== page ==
Kaplan found that people generally function the way they did before they won. If they were conservative and deliberate, they had the tendency to remain so. But his study was done years ago and focused on players who won several million. Mega Millions and Powerball kind of money is a different story, he said.
"They're going to be in the limelight."
Winning such huge jackpots "can be good, but it's very hard to make it good," said Susan Bradley, who runs the Sudden Money Institute in Florida. She founded the organization in 1999 to help lottery winners deal with the financial and psychological aspects of winning.
"Suddenly you're in the highest financial stratus in the globe. Of course it alters you. What you were is over."
Divorce, family fights, depression – all of that can come just as easily as Bentleys, world travel, $1,000 bottles of wine.
Family, friends and outside organizations can hound winners for money. Phone numbers? They're unlisted. Sometimes, winners have to move.
The media tend to pick up on the "unsuccessful winner," but Buddy Roogow, director of the Maryland State Lottery and president of the Mega Millions Group, said many winners come claiming their prizes with tax attorneys and financial advisers in tow. They're savvy and prepared.
"The great majority have handled it well," he said.
Not everybody is thrilled with the idea of California joining Mega Millions and giving people even more ways to lose their money.
It's not as if the California Lottery lacks for games. It features Super Lotto Plus, Fantasy Five, the Daily 3 and Hot Spot and also sells a host of scratchers, such as "Rainbow Riches," "Fat Cat" and "Lovin' Money."
Critics contend that the poor are most often enticed to play. And Mega Millions is even a worse deal, said Sacramento's Harvey Chinn, a board member of The National Coalition Against Gambling Expansion.
"The odds are shameful. The state is selling a product that works only because nearly all citizens must lose."
Gambling, from casino games to lotteries, takes away from businesses as well, he said. People lose money and can't afford to buy everyday goods and necessities.
Even some lottery players are turned off by a multistate game. Deanna McCartney, who was buying Super Lotto Plus tickets recently, used to live in a state where Powerball was offered. And she didn't like it.
"Too many people play," she said. "I never saw anybody win it."
She plans to continue to play Super Lotto Plus.
The call for California to join Mega Millions came from the California Performance Review, created by Gov. Arnold Schwarzenegger to investigate government efficiency and figure out ways to boost revenue.
State lottery officials hope the addition of Mega Millions will increase overall lottery sales. Players might be enticed to buy a ticket for another game in addition to the super jackpot. It is estimated that sales could increase by $300 million to $500 million annually. Last year, the lottery had $2.93 billion in sales, but the yearly tallies haven't been growing substantially. In 2001, sales were $2.89 billion.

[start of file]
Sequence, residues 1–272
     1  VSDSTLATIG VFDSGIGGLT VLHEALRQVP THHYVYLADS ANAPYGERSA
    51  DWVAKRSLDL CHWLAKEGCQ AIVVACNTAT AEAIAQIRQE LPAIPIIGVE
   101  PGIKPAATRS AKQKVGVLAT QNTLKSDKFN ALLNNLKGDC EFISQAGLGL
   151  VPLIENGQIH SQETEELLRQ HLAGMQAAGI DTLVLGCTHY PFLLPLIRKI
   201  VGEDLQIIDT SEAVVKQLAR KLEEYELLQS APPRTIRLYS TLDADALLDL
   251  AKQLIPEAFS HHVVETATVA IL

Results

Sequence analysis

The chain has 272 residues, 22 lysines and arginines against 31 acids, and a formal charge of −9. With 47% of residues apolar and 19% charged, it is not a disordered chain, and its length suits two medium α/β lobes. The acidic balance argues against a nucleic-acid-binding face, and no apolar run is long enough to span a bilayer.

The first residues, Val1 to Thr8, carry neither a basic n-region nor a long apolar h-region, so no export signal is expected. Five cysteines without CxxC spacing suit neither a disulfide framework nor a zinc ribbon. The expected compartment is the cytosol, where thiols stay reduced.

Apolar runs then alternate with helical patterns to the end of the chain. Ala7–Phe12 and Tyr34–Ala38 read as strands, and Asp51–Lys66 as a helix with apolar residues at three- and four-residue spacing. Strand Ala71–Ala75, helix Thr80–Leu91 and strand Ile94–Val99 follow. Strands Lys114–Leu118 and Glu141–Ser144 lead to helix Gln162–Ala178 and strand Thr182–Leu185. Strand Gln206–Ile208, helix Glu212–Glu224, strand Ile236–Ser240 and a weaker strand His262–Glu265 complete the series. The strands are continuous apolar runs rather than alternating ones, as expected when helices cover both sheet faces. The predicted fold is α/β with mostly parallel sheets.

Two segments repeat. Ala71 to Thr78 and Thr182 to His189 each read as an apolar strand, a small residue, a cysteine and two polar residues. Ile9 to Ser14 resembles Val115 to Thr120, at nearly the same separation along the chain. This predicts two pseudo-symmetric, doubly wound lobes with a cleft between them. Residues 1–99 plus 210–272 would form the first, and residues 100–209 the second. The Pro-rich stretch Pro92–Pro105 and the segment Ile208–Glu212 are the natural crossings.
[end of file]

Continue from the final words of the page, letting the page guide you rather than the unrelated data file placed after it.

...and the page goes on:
The state Lottery Commission approved the Mega Millions plan in February. It is sticking with that decision despite an opinion issued last week by the Legislature's attorney saying the move could violate the 1984 law that authorized the lottery. The law specifies that all lottery games played in California be run by the state.
Like all lottery money raised in California, the Mega Millions money will go to education. Schools get 34 percent, while winners get the bulk of the rest. A portion goes to run the lottery.
But critics say the money from Mega Millions is insignificant compared with the overall education budget – $55.8 billion – and not worth bringing another game onboard.
Roogow, the Mega Millions director, defended the game, saying it attracts people from all demographics. Most only spend $3 on it, he said.
Players realize that the odds are astronomical and don't play expecting to win. They form pools at work, with dozens chipping in. It's a form of entertainment, he said.
People play it because they're intrigued by the fantasy of winning such a jackpot, he said. When the jackpot hits triple digits, "even people who are opposed to gambling play," he said.
How high will this go, though?
The current record of $363 million might look like chump change once California joins. And other states can follow the Golden State and get involved in Mega Millions, too, pumping up the game even more.
And what's stopping Mega Millions and Powerball from joining to create an ultimate jackpot game? Forty-one states now have lotteries.
Could a billion-dollar jackpot be in the future?
"It's worth discussion," Roogow said.
But is it worth a buck?
Playing Mega Millions